Criminal justice cases accounted for $8.5 million of 20 seven-figure payouts, with three exonerees — Michael Castro, Eric Kelley, and Ralph Lee Jr. — getting $7 million to settle their claims of wrongful prosecution and imprisonment.

Castro, who was paid $5 million, was twice prosecuted by the Atlantic County Prosecutor’s Office for a 2012 murder in Mullica (the charges were dropped both times). Kelley and Lee, who received $1 million each, wrongly served 24 years in prison for a 1993 murder in Paterson that DNA evidence later showed they didn’t commit, according to the Innocence Project.

The family of a state correctional officer who died at a youth correctional facility in Chesterfield received $1.5 million after his wife sued, saying medical staff there failed to diagnose and treat his cardiac arrest.

A spokesman for the Office of the Attorney General said litigation-related payout and recovery numbers fluctuate from year to year “depending on many variables.”

“But one constant has been the professionalism and dedication of the public servants within the Division of Law,” office spokesman Steve Barnes said. “Our DOL attorneys work hard to protect and defend New Jersey in court, ensure environmental justice, preserve civil rights, protect consumers, and otherwise serve Garden State residents. On a daily basis, their work touches on virtually every aspect of life in our state.”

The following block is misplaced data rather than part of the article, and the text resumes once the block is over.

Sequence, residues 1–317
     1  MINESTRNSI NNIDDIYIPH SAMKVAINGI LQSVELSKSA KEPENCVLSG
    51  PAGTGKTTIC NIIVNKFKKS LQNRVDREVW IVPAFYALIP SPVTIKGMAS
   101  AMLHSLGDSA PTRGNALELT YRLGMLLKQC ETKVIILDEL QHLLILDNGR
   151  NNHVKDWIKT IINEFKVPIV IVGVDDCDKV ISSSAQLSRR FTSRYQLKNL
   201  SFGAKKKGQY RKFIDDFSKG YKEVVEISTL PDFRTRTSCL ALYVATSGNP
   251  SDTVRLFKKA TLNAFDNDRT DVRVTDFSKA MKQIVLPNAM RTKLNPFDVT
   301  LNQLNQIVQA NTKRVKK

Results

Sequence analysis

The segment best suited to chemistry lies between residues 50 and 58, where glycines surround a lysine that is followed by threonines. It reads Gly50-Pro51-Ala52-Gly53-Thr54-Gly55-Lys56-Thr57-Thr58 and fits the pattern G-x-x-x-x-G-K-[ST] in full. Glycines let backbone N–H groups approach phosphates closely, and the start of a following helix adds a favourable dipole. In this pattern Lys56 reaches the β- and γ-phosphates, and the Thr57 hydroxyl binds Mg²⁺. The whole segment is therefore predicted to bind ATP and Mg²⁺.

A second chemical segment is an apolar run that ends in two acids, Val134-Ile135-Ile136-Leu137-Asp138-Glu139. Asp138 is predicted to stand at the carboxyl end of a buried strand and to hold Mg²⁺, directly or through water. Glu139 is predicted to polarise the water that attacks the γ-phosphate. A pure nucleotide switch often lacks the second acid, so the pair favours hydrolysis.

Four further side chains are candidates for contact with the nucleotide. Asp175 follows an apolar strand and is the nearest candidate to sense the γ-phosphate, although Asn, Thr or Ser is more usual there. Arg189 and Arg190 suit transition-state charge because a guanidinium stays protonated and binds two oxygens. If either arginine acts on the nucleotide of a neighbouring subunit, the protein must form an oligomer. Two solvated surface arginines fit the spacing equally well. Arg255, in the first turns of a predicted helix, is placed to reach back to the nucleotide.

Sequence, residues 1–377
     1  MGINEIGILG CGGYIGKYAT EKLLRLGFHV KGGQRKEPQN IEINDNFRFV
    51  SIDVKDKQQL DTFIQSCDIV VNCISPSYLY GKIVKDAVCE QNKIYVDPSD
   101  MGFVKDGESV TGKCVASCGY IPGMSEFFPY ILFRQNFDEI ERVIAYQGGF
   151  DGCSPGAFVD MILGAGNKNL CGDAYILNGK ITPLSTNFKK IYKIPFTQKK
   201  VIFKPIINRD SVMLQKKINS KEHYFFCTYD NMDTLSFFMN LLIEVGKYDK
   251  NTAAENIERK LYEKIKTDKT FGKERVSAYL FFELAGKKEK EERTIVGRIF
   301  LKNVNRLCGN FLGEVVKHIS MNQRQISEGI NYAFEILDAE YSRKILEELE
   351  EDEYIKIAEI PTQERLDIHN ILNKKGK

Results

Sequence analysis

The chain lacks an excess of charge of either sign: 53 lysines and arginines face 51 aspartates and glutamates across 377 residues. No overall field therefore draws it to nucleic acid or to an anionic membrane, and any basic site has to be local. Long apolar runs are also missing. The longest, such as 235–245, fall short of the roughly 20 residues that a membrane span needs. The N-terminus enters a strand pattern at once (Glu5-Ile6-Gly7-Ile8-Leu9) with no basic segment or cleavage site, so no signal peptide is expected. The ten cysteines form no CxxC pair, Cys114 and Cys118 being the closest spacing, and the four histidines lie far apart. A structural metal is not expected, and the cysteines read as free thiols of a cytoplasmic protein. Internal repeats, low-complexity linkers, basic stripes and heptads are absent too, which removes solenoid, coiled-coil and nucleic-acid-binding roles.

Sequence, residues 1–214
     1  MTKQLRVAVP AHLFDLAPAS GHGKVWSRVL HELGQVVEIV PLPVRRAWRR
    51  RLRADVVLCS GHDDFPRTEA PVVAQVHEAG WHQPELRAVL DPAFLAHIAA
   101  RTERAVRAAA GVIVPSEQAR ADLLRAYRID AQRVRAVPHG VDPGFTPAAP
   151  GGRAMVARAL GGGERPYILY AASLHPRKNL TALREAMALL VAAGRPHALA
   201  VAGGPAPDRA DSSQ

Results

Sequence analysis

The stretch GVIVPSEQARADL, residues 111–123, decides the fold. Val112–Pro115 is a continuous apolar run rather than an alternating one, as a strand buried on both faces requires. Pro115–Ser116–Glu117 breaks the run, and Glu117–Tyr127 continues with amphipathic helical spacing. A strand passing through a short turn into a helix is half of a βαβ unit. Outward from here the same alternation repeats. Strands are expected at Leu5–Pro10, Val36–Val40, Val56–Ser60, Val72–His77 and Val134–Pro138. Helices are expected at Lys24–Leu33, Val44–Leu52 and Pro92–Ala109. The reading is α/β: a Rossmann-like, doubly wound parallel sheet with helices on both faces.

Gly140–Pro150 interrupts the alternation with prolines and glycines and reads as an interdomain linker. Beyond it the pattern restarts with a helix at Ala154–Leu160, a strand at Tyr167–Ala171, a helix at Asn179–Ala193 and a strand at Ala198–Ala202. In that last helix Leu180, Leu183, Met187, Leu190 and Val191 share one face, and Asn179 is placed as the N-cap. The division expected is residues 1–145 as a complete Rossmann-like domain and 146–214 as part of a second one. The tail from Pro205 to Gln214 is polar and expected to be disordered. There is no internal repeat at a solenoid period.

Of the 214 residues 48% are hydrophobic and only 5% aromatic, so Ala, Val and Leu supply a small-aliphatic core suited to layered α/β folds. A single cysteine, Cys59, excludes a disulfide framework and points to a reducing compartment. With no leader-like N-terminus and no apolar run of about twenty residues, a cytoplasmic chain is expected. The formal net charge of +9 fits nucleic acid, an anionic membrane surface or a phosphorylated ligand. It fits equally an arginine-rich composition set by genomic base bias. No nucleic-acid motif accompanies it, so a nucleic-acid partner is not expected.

Money gained

The state made over $73.4 million in recoveries last year from more than 700 people and businesses, data shows. That’s down from $95.2 million in recoveries made in 2020, state data shows.

Millions of last year’s recoveries came from drug makers implicated in multistate lawsuits for fueling the opioid epidemic.

The global consulting firm McKinsey & Company forked over one of the bigger recoveries, paying New Jersey $16 million for designing aggressive marketing strategies used by some of the nation’s largest opioid manufacturers.

Insys Therapeutics paid the state $5 million to resolve allegations that its founder John N. Kapoor illegally arranged bribes to New Jersey doctors as part of a nationwide kickback scheme to inflate sales of its flagship opioid drug Subsys.

Boston Scientific paid New Jersey $3.7 million as part of a multistate settlement over allegations that it deceptively marketed its surgical mesh devices to consumers.

An Old Bridge man, Sandy John Masselli, who was indicted for running a multi-year investment fraud scheme, paid the state over $5 million.

Advanta Medicaid turned over $1.4 million after the state sued the Ocean County-based business for accepting hundreds of thousands of dollars from consumers after promising to help them establish eligibility for Medicaid coverage and then failing to provide promised services.

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Dana DiFilippo
Dana DiFilippo

Dana DiFilippo comes to the New Jersey Monitor from WHYY, Philadelphia’s NPR station, and the Philadelphia Daily News, a paper known for exposing corruption and holding public officials accountable. Prior to that, she worked at newspapers in Cincinnati, Pittsburgh, and suburban Philadelphia and has freelanced for various local and national magazines, newspapers and websites. She lives in Central Jersey with her husband, a photojournalist, and their two children.